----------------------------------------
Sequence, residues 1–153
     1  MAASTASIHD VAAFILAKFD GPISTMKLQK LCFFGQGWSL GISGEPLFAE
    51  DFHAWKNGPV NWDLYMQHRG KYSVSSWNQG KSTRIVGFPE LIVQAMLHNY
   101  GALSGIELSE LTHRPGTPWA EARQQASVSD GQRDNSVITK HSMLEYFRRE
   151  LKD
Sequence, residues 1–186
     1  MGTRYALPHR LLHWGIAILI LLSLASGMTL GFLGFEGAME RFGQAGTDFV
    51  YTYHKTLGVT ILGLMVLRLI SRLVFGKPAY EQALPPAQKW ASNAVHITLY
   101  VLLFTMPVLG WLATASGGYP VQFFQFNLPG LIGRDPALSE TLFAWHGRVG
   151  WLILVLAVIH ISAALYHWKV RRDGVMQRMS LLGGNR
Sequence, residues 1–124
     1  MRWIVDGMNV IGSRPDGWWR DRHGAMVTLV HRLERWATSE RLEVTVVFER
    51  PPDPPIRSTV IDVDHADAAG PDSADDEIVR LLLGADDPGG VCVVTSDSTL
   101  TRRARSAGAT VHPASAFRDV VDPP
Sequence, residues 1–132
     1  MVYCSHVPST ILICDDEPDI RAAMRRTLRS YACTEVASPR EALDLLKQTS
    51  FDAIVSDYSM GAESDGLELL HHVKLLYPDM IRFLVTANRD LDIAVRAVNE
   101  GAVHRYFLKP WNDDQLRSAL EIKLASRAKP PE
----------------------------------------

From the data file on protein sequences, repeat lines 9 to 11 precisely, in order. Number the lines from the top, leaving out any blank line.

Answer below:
   101  VLLFTMPVLG WLATASGGYP VQFFQFNLPG LIGRDPALSE TLFAWHGRVG
   151  WLILVLAVIH ISAALYHWKV RRDGVMQRMS LLGGNR
Sequence, residues 1–124